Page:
Thursday, April 24, 2003

Everything in Unmoderation

At Clay Shirky's ETech talk, he was kind enough to give me credit for the observation that in any open unmoderated discussion group, the discussion will eventually devolve into a discussion of whether the group should become moderated.

Since I've never actually written that down in a web-accessible place, I'll do so here so anyone who wants to annotate Clay's talk can point here.

It's obviously a generalization, and undoubtedly there are some counterexamples. It's intentionally meant to echo the famous Godwin's Law, which is that eventually, discussion threads will mention Nazis, at which point the discussion usually ends.

So why does this moderation discussion happen? A couple of reasons. First, because people are whiners. More specifically, because in a large enough group, some people will be unhappy with the conversation, because it won't be exactly what they want (and since different people want different things, someone will eventually be unhappy). Some of this unhappiness will be aimed at specific postings, topics, or posters, and these unhappy people figure that if only those posts/topics/posters could be excluded, then the group would be better. And thus, the desire to bring up moderation.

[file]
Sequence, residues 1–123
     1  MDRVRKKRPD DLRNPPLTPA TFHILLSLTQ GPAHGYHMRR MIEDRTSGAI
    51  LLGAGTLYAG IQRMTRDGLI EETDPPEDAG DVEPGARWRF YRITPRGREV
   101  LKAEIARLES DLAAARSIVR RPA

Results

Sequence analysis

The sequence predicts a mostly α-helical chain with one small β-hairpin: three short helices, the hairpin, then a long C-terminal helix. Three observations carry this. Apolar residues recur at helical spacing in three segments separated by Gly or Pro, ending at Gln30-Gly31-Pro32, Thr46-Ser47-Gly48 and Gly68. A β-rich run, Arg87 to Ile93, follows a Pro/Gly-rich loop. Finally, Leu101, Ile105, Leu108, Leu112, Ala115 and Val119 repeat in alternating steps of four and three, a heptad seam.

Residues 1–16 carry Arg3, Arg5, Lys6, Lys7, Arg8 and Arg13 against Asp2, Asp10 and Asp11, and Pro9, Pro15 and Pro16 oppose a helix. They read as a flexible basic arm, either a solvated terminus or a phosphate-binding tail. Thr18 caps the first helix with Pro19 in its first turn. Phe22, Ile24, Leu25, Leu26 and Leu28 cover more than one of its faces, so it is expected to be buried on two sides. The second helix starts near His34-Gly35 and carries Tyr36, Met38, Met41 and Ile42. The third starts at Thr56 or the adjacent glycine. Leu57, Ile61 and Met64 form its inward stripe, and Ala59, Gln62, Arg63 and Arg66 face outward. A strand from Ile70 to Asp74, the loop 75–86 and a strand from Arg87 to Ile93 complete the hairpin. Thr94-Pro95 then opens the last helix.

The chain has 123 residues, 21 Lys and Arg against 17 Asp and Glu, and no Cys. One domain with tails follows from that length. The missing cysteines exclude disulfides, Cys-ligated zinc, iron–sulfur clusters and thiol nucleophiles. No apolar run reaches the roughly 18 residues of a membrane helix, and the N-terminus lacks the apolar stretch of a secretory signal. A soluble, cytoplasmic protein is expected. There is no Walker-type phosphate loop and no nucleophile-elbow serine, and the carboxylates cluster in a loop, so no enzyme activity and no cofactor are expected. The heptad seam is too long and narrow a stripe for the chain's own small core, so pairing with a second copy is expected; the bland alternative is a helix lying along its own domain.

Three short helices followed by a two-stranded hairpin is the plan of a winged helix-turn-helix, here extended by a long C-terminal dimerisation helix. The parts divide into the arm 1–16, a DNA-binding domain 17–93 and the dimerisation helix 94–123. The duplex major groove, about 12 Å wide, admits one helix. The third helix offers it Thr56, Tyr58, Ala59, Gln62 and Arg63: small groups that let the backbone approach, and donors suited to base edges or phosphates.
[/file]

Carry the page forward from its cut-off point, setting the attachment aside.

Once someone's played the moderation card, it becomes a hot issue, partly because people, especially in our culture (reading culture at almost any granularity you want) like to argue over rules, and partly because the whole issue of moderation vs openness strike very close to our beliefs and so invoke strong emotions.

Are there technological fixes? Maybe. Usenet has killfiles, so an individual user can block out people without moving the entire group to a moderated policy. Why didn't this solve the problem? I don't really know.

One potential tech fix to Usenet that I came up with is to have optional moderation. Under this scheme, any individual can appoint him or herself a moderator, and do the job of approving or disapproving posts. Of course, they can choose various policies such as default yes, default no, or whatever. Then, other users can pick which, if any, moderator they want to follow (or some union or intersection of moderators). In this view, moderation is a lens into the larger conversation.

There are hard details to this: what happens if threads migrate into or out of the moderated list? But still, I think it would be an interesting experiment to see if ends the inevitability of the moderation discussion.